Reading your other posts today it looks like you are a 'browser', that's fine, everyone is different. I'm a searcher, I do a little sorting and tagging but most of the time I hit my search all hotkeys and away I go.

I often search. My browsing example was meant to show where I hit the rocks with Evernote. It works brilliantly for many things. Even without tags I can get to lots of things quickly. I'm not complaining about what DOES work ... but those things that do not.

Assuming that they way that you work is the 'right' way or that the way that Microsoft have implemented OneNote is the best way implies that Evernote are trying to meet that model. It's pretty clear from the way the application has been developed and the comments from the Evernote team that they do not plan to implement nested notebooks beyond the current Stacks in the near future.

Oh, don't get me wrong ... I don't for a moment think that my way is "right" ... but OTOH, I don't think it is "wrong" either. It is "different". (Actually, since I work differently in different situations the whole either/or thing does not apply.

They clearly don't want to emulate PC/Mac folder structures/OneNote.

Right ... or tags as implement in Gmail ... which is often used as an example of how great tagging can be. OTOH, the input being given here is that the implementation does not address the needs of some of us.

The joy of Evernote is that you can use it for free for as long as you want to. It seems you have a limited use case that it works for you with - access everywhere, but for everything else OneNote works better for you. Why not just use the best tool for the job for you?

Of course that is what I'm doing. I found myself limited in some ways by OneNote and sought to use Evernote. I got to this thread by searching the forums for "tags" and "folders" to try to discover how to do what I want to do. I've not found a way to do it yet in Evernote. I'm still trying. The worst case is that I stay with OneNote for most things and use Evernote only for those things I MUST have cross platform ... and bank statements are not one of them so that example is not a show stopper. BUT, if I could get that example handled, I'd bag all of my other solutions and use ONLY Evernote. I'm sure I have that in common with scads of other users.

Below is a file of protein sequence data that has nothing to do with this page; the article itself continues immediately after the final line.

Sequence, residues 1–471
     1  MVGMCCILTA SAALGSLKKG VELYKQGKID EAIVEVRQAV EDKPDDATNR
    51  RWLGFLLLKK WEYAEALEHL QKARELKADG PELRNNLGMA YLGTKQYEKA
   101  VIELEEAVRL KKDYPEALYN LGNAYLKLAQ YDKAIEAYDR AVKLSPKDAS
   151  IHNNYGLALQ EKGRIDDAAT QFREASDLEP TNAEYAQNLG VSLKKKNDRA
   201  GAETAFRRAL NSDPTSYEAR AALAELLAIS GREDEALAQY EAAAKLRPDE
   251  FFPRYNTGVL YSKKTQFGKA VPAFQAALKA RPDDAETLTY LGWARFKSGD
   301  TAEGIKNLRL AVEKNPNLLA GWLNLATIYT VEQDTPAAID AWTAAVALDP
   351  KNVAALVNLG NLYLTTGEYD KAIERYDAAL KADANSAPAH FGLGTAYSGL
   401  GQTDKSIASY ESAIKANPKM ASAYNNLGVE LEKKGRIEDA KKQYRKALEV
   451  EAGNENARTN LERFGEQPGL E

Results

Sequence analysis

Share this post


Link to post
Just another perspective: on the Internet you tend to find people come and gripe with problems or dislikes. What you don't see is the thousands of users NOT here because they are completely happy with the product.

Hi again! Yes, your observation is true. And kind of natural, don't you think? I mean why would people come to a forum to post if things are going well? This is a place for people with problems to solve. So what you get is "problems".

I'm not an evangelist and I'm not here to tell you your way of thinking is wrong. BUT I happen to like the stacks implementation JUST FINE. So I want it to stay the way it is.

So you would have a problem with allowing folders to nest? Could you just be content to not use that feature, were it implemented, and let those of us who want it have the feature? Is there something about giving others more features that gets in YOUR way?

So now tell me - who should Evernote listen to - you or me?

Well, if it is some kind of voting thing, I'd guess the propositions would have to be more well formed. You seem to be advocating for me to NOT have a feature. I'm not sure if that is what you really mean. I read you as saying that you are "content". In that case, your side of the argument should be something more like: "Do what you want but don't take away features X, Y, and Z, which I depend on." For my side I'm not advocating taking away features you like. Hell, keep "stacks" even though I see limited use for them. But ADD nested folders and REALLY nested tags. Make sense?